Review: The Debt by Tyler King

Note: This ARC was provided by Grand Central Publishing (Forever) in exchange for an honest review.

"Every day all I want is to lean on you and get as far away from you as possible. You were the only person I could talk to and the last person I wanted to tell." By the time the words fell out of my mouth, I was almost in tears. "My life didn't begin until I met you. I've loved you every day that matters. I'm so fucking in love with you and you scare the shit out of me."

This book! Goodness gracious (and yes, I actually do say goodness gracious) how I loved this book! The Debt was undoubtedly a journey for the main character, Josh MacKay, a truly gifted musician whose past has dictated a great deal of how he lives his life today. This journey he's on is one he's shared with his best friend, Hadley Mitchell, since they were placed in the same foster home at the age of five. It's got angsty drama and snarky humor, two things I both can't get enough of in the books I read, and if the quality of writing from debut author Tyler King is this good or even better in her future endeavors, then she's got herself a fan in me. Fingers crossed that this is just the first of many more fantastic reads from Tyler King.

Imagining Josh MacKay without Hadley Mitchell is near impossible and Josh is the first who'll admit that he could never see himself without his best friend in his life. She also happens to be the only girl he's ever loved, but they're both damaged to varying degrees and one particular event four years ago left their friendship marred and neither one talking about what happened has placed them in limbo, both stuck in neutral. If they don't resolve what's been festering for years between them, then they may be left with no alternative but to go their separate ways, albeit the possibility of it Hadley moving away from Josh seems more likely than the other way around. Everyone can see how much one loves the other, so why can't they?

Being in foster care was a nightmare for Josh and Hadley, but that nightmare continues to haunt Josh and the effects of what happened to him manifest in ways he can't seem to control and they shadow him incessantly. Hadley, too, feels the lingering aftermath of her parents' deaths and just like Josh, she doesn't really acknowledge it, leaving them both not really dealing with what happened as children, allowing it to touch them as adults. This leads to a toxic type of relationship at times, almost as if their silence and feigned nonchalance enables the other to perpetuate the "bad" behavior. But they're both enabler and support system, one counterbalancing each other because without one, the other would cease to function.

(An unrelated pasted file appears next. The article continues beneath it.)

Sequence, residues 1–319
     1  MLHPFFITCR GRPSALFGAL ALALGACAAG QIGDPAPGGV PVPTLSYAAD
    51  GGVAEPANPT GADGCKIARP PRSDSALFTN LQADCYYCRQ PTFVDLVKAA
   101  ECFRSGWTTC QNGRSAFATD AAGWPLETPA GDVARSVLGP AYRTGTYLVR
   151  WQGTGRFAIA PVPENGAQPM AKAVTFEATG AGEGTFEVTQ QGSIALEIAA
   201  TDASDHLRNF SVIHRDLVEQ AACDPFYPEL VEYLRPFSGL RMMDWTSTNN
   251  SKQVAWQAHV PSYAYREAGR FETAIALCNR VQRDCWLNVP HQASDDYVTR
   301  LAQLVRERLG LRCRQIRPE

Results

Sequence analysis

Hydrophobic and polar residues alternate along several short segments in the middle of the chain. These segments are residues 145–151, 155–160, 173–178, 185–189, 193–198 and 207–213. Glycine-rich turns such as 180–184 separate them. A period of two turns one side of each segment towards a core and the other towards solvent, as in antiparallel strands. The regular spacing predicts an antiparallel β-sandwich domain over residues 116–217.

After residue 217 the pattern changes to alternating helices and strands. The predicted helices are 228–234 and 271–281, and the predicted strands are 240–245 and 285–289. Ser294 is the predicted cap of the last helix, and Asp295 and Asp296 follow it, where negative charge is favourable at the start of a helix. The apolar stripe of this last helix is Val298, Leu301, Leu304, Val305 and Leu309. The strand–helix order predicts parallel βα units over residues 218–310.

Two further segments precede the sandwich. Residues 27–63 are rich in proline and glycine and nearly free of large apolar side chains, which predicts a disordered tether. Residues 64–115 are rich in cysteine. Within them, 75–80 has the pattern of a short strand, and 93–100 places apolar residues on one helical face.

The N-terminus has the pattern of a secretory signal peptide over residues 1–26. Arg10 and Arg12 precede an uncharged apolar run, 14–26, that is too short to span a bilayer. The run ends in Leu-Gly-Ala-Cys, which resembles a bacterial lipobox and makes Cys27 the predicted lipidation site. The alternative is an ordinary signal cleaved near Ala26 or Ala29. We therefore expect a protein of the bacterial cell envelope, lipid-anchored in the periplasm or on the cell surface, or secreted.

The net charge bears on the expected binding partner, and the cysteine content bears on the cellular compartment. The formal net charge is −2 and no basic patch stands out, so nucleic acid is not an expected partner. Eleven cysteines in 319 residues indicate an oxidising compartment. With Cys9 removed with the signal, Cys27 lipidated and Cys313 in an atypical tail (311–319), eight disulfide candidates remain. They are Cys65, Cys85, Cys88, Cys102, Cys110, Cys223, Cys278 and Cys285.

Josh and Hadley's story is heartrending and uplifting and it is, by no means, an easy or light read. I'm going to warn you that there may be triggers in the story that could bother some readers, especially as far as sexual abuse of a minor goes. It's easy to see these two, especially Josh, as victims but what they've actually done is survive as best they can with the remnants of the past that refuse to or will probably never really go away. The book isn't just about them moving forward with their relationship as friends to becoming what they were always meant to be, but also with acknowledging the past and opening lines to honest communication and choosing to find ways to get a better handle on dealing with years-old trauma.

This book was blessed to have two main characters that I found myself falling in love with, not easily but gradually, and I quite preferred it that way because I felt like I really got to know both Josh and Hadley and accepted them, faults and all, and wanted them to find happiness within themselves and with one another. There are also numerous supporting characters that were notable--Corey, Trey, Asha, Andre, Reid, and Simon--and who each impacted the outcome of the story. Out of all of them, I hope Andre gets his happily-ever-after because the poor guy was dealing with issues that included his sexuality and his family. And hey, I'd never say "no" to Corey and Grace as well as Trey and Asha finding happiness as well.

Over the past couple of weeks or so, I've taken to writing down notes while I read since I've recently discovered that it helps me put together my reviews much easier than before. The Debt was the first book that had me filling three pages (and if you had any idea how compact my writing is and how many lines were on each page, you'll realize that those were loads of notes). This was a story about how loving one person should not only be about being willing to do anything and everything necessary for them but how it should also inspire you to do the same for yourself. Just like in real life, there are no easy or quick fixes for Josh and Hadley, but together and with the people they care about, nothing is impossible. Five-plus stars. ♥

Date Read: 15 May 2016

Learn more about Tyler King.

Purchase The Debt on Amazon | B&N | Kobo.


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